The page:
I’m originally from Georgia and the song encompasses everything I love and miss about my home state. It’s about being proud of where you’re from, which I definitely am. I related to the lyrics as if I would’ve written them myself, which is rare, and also how I knew I had to be the one to sing it.
Since you didn’t write the song, what was the process of acquiring it? Did someone send it to you or did you hear it and immediately go, “I want it”?
All three writers are friends of mine. According to them, while they were writing it Andy said, “Rager is the perfect person to cut this song” and he was right. From the very first listen, I knew it was something I wanted. I couldn’t be more grateful to those guys for allowing me to be apart of this song.
Were there any major changes made to the song once you got into the recording studio, whether it be lyrics or something sonically? Or did you even have that power since, technically, it’s not your song?
Originally, the song’s bridge was a repeated first verse, but we were able to work out a new bridge that really brought the song home for me (no pun intended).
2018 saw the release of two new songs. Do you have any plans to release an EP or a full-length project soon?
Absolutely. Like I said, I’ve spent a ton of time working on new music the last few years, and recently I’ve been recording the best of those songs. I can’t wait for everyone to hear them, and they will be released sometime this year.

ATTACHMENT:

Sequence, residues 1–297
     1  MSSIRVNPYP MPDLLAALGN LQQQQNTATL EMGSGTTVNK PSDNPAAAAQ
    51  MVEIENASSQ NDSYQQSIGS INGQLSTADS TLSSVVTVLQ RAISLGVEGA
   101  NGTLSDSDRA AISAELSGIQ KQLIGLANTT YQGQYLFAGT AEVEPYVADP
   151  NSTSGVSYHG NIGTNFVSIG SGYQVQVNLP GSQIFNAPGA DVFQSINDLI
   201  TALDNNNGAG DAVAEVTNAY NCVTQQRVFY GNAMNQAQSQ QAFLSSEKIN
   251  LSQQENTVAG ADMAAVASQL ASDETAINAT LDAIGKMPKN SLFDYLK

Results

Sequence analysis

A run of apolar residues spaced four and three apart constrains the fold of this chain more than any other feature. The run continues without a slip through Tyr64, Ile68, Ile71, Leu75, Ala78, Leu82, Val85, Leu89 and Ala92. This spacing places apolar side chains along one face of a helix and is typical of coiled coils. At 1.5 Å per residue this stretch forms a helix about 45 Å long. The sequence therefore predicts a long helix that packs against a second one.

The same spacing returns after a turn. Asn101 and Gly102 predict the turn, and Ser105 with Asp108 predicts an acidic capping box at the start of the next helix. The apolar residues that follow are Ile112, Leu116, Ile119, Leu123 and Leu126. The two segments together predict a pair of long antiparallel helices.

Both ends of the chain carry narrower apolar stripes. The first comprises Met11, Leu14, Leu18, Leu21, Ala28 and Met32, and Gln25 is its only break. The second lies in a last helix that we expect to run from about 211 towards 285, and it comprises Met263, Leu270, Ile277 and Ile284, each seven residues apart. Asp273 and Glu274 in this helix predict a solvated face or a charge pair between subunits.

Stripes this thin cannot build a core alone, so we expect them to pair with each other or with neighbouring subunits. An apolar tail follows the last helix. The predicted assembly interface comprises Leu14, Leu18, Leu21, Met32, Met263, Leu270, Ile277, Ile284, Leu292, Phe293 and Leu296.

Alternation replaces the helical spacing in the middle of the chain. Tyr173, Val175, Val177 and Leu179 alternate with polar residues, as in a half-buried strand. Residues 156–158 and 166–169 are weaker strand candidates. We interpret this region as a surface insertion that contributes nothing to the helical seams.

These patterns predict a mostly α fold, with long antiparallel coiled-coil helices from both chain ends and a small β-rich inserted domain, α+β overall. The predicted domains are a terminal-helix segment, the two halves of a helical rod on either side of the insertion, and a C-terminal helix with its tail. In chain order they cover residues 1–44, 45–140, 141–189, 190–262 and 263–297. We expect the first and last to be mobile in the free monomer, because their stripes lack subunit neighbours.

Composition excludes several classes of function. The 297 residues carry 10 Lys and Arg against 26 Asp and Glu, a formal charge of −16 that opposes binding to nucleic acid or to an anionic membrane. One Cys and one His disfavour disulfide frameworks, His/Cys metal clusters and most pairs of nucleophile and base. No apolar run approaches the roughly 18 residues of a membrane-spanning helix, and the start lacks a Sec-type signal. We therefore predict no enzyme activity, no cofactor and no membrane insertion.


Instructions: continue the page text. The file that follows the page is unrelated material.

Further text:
As an up-and-coming artist, you have to spend a lot of time on the road playing shows and getting your name out there. What’s the best part about spending so much time on the road and the worst part? What are some of your favorite cities to visit and play a show in?
There’s a lot of stuff behind the scenes of the music industry that people don’t always see. It’s not just writing songs and singing them on stage. It’s a grind at times. Especially when you’re coming up. You spend a lot of your time in a van, or sometimes your own vehicle, driving long hours between gigs, not knowing what to expect from show to show. All of that goes away when the lights come on and you hear a crowd sing your song back to you. Like I said before, it’s the greatest feeling in the world and it makes the grind so worth it. As for my favorite places to play, I always love playing in my home state of Georgia. Chicago is always a blast. Boston. I’ve played a lot in the southeast (Alabama, Florida, the Carolinas, etc.). Every time I come back there’s always a bigger crowd, which is another thing that makes me forget all the crud artists and musicians have to deal with to chase this dream. It’s a dream job and the good far outweighs the bad.
What are some music industry-related goals or benchmarks you aim to reach in the next couple of years?
I’ve played sold-out shows before but never as the headliner, so that’s definitely up there at the top of my list. I’ve yet to have the chance to hear a song I wrote played on the radio, and that would be a dream come true. And also to have a number one song (either as a writer or as an artist). Of course, I want to release this new music and continue to meet people and hear their stories.
Last question — we’re called Talk Nerdy With Us because we all have an inner-nerd. What is something, besides music, that you nerd out about?
Baseball. I love all sports but I follow baseball religiously. Like more than an average person should. Right down to the stats, numbers, trades and financials of the teams. It’s an obsession, really.